Clinton Lacey is the CEO and president of the Credible Messenger Mentoring Movement (CM3), which focuses on supporting Credible Messenger Mentors who share similar life experiences with current justice-involved young people and are poised to have a transformative impact on an individual, family, community, and systemic level.
Lacey previously served as Director of the District of Columbia Department of Youth Rehabilitation Services (DYRS) and Deputy Commissioner of the New York City Probation Department. Other positions held by Lacey over his 30-year career include project manager with the W. Haywood Burns Institute, director of the Youth Justice Program at Vera Institute of Justice, and associate executive director of Friends of Island Academy, which serves 16- to 24-year-olds at Rikers Island, New York City.
Q: What led you to a career in Juvenile Justice? How did that happen?
A: In a very real sense, I was led to a career in Juvenile Justice as a result of my lifelong interest in civil and human rights issues. However, I hadn’t worked in the field until 1992 when I happened to hear about a small new organization serving youth at Rikers Island, NY, I became the second person hired at Island Academy to work with 16-21 years at the jail and in their communities throughout the five boroughs of New York City.
Q: Where did you grow up and what were your experiences as a young man that prepared you for these roles in Juvenile Justice or helped you avoid similar Juvenile Justice issues?
A: I was born in Harlem, NY, and grew up in neighboring Teaneck NJ. My parents, both from Alabama, met as young adults in Montgomery, and were close friends and collaborators with MLK, Rosa Parks, Joanne Robinson, and other activists involved in the Montgomery bus Boycott.
They continued to advocate for civil & human rights after moving to New York. I was raised in an activist household and developed a keen interest in juvenile justice-related issues. As a high school and college student, I became very active in anti-apartheid activities and other activities focused on promoting social, economic, and political justice here in the US and other nations impacted y colonialism, structured racism, etc. For me, all of these experiences continue to inform my thinking and actions into the Juvenile Justice space. It’s still about multigenerational marginalization of black, brown and poor people – with a particular emphasis on disparate treatment of those populations & failed policies still being practiced by the justice system.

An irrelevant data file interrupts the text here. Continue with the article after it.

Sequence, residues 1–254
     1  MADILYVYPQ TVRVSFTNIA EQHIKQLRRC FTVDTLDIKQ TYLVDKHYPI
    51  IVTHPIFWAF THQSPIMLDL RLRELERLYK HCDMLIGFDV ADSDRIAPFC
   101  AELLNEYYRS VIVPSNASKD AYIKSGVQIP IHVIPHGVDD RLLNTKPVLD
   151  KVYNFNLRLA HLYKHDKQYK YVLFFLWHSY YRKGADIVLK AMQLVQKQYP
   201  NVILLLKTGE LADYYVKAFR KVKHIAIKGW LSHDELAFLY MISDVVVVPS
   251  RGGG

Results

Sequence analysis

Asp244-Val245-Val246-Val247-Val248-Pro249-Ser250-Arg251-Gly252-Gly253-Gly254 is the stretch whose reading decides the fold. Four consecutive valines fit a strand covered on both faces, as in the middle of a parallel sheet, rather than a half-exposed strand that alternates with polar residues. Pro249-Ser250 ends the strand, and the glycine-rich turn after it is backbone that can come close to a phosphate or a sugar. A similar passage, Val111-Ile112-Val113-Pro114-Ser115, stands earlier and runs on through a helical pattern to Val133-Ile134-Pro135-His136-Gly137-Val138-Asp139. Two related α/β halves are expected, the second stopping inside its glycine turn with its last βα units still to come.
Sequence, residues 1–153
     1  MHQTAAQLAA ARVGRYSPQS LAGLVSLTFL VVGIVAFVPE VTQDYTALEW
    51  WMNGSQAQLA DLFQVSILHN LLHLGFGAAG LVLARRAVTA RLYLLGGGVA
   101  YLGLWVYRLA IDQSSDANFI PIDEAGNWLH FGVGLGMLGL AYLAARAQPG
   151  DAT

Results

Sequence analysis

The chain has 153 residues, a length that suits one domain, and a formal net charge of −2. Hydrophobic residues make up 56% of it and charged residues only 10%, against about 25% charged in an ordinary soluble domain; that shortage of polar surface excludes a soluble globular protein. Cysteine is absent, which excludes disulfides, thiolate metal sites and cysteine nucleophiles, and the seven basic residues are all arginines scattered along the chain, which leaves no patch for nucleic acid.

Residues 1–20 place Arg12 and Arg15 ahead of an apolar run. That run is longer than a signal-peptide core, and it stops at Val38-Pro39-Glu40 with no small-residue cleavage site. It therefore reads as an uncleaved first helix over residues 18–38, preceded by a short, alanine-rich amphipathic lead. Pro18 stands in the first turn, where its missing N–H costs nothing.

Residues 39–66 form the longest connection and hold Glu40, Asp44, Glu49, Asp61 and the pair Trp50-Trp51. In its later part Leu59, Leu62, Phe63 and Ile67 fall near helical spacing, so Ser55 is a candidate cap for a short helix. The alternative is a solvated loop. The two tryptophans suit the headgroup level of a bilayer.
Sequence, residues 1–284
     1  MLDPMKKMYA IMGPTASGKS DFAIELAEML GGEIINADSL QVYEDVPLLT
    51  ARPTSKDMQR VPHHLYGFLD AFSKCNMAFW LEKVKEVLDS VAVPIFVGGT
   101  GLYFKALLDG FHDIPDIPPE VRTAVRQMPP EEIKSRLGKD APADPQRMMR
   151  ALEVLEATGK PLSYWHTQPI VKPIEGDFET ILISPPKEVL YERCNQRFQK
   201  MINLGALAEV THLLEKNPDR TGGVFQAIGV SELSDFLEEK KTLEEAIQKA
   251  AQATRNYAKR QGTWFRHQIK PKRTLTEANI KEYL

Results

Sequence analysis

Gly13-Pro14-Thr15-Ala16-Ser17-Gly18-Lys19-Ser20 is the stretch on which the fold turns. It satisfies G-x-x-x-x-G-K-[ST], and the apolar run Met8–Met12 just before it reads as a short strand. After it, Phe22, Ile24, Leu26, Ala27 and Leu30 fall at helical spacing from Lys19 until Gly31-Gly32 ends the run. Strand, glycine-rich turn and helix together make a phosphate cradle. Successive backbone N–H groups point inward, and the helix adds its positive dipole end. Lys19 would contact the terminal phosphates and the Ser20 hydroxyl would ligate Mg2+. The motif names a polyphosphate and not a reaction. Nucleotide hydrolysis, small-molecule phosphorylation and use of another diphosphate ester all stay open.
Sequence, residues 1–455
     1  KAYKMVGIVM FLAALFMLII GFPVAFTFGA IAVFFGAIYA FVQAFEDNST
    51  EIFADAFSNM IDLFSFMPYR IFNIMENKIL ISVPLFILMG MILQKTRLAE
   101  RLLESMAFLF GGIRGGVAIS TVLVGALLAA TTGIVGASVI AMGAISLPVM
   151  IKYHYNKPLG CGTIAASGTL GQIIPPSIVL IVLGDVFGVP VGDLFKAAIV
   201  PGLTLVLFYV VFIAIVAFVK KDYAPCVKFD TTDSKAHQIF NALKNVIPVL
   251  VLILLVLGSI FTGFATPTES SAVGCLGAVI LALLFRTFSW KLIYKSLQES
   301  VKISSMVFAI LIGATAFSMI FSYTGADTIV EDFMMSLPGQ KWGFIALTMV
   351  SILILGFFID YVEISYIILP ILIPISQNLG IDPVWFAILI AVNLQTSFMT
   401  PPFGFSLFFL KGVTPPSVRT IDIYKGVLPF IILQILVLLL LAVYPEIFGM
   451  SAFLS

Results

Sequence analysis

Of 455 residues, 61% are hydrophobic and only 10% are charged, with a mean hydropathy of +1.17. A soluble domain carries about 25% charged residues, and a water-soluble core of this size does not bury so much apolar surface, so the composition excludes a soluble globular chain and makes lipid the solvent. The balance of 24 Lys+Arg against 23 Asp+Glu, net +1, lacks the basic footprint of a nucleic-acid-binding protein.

Q: CM3 has been a mission and vision of yours for a while now. How did it come about and why do you see it as a solution?
A: After coming to the NYC Department of Probation as the deputy commissioner in 2011, I had the opportunity to spearhead the development and implementation of the Arches Transformative Mentoring program – the first iteration of what we now call Credible Messenger Mentoring.
That initiative which funded community based organizations to hire and support Credible Messengers, proved to be extremely successful (60% reduction of recidivism). In 2015 I was appointed Director of the District’s juvenile justice system (DYRS) and continued to expand the Credible Messenger model (served families and placed Credible Messengers inside of our secure facilities, again with great success (50% recidivism reduction).
In 2021, I left DYRS to launch CM3 with the core purpose of supporting and advancing CM work around the nation. I see CM work as a clear example of a shift in reliance and investment from solely juvenile justice systems, to communities. The CM’s are the community representatives who continue to reduce violence, reduce recidivism, provide vital life coaching to justice impacted people, while also changing justice policy & practice. In short, CM’s represent the infusion of a community voice, insight, and expertise into the system – with the result being better justice policy, better justice practice, increased public safety and far better outcomes for those most impacted by the system
Q: As you travel throughout the country, including Washington, DC, to engage city, state and community leaders, what are you hearing, seeing, and learning? Are the challenges familiar to your experiences and work?
A: While every state, county, city and community is unique in important ways, the core issues and challenges we need to address are being faced everywhere. All of the communities we seek to serve are facing, inadequate housing, education, health care and disparate treatment from the justice system. All of these communities are facing desperation, absence of hope and spikes in violence. SO as we provide credible messenger mentoring, it is not provided in a vacuum, but rather in the context of all of the challenges our people are facing. It’s all integral to our work.
Q: What do you say to our young people who are suffering piercing mental health issues and other challenges? How do you obtain buy in from them?
A: One of the biggest myths ever perpetrated is that people don’t want help, healing and opportunities to become well. They absolutely want all of the things that all people want in that regard. We obtain buy-in through our collective transparency, authenticity, and in communication of love for people and the belief that they are worthy.
Credible Messengers, youth, families and a growing number of justice system leaders are buying in to this vision of CM3 because they believe our efforts to form trusting relationships and utilize restorative practices represents a way forward out of the cycle of misery that has created and sustains our national mass incarceration crisis and growing culture of gun violence.